In part 1 of this three part blog series we looked at activity access restrictions and completion conditions. In part 2 we took a look at the lesson activity using branches and clusters.
Now, in part 3, we will talk about quiz adaptability. There are four methods to achieve this that stand out; question behaviour, randomised quizzes, random short answer matching questions and variables in numerical questions.
Part 3 – Quiz adaptability
Quizzes can be used in many ways to add adaptability to your courses, whether they are to be used as learning tools or for assessment. The following four options cover question presentation but personalised feedback is also very important in providing students with the best environment for positive progress.
The two most interesting options here for adaptive learning are Adaptive Mode and Interactive With Multiple Tries.
Adaptive Mode allows multiple attempts at a question before moving on to the next. The “Whether correct” box must be ticked under “During the attempt” in the “Review options” section. This can be a useful when a quiz is used as learning tool rather than a testing tool.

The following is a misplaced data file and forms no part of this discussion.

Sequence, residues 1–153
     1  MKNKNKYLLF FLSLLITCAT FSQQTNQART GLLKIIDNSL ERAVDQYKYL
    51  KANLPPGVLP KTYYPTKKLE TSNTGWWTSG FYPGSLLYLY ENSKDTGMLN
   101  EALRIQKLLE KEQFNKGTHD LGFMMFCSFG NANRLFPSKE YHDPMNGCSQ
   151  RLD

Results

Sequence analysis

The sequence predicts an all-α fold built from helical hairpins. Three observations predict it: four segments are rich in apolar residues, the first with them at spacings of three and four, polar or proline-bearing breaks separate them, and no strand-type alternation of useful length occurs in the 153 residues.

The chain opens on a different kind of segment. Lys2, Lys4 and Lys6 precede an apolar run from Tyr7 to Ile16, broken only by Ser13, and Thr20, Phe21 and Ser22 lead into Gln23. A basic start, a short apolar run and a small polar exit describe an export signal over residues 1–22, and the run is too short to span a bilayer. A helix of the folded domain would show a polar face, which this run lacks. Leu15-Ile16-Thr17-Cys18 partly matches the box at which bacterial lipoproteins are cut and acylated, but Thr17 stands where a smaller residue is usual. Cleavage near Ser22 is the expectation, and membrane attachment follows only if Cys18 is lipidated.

Interactive with Multiple Tries is a more complex version of Adaptive Mode.
After submitting one answer, and reading the feedback, the student can click ‘Try again’ to try a new response. They can be given different hints to help them on each try. Once the student has got the question right, they move on. If the student gets the question wrong too many times, they are graded wrong, get shown the feedback and move on.
When adding questions to a quiz, Add Random Question can be chosen. A window will open where the origin and number of questions to be added can be entered. Each new quiz attempt will present a different random selection of questions to the user.
Random short answer matching questions
Instead of having an entirely randomised quiz, another option is to only have certain questions randomised.
In order to use Random Short Answer Matching Questions a selection of Short Answer questions must first be created to choose from. All Short Answer questions in the selected category must have similar answers in order to avoid making the correct response too obvious, all cities, all numbers, etc.
Variables in numerical questions
The use of variables allows for the creation of multiple versions of a single question in one go.
Curly brackets must be used in the question and in answer formula. The range of possible values for each variable is set as well as the number of variable pairs to be generated.
One question can even be duplicated to offer a collection of randomly generated versions of the same question.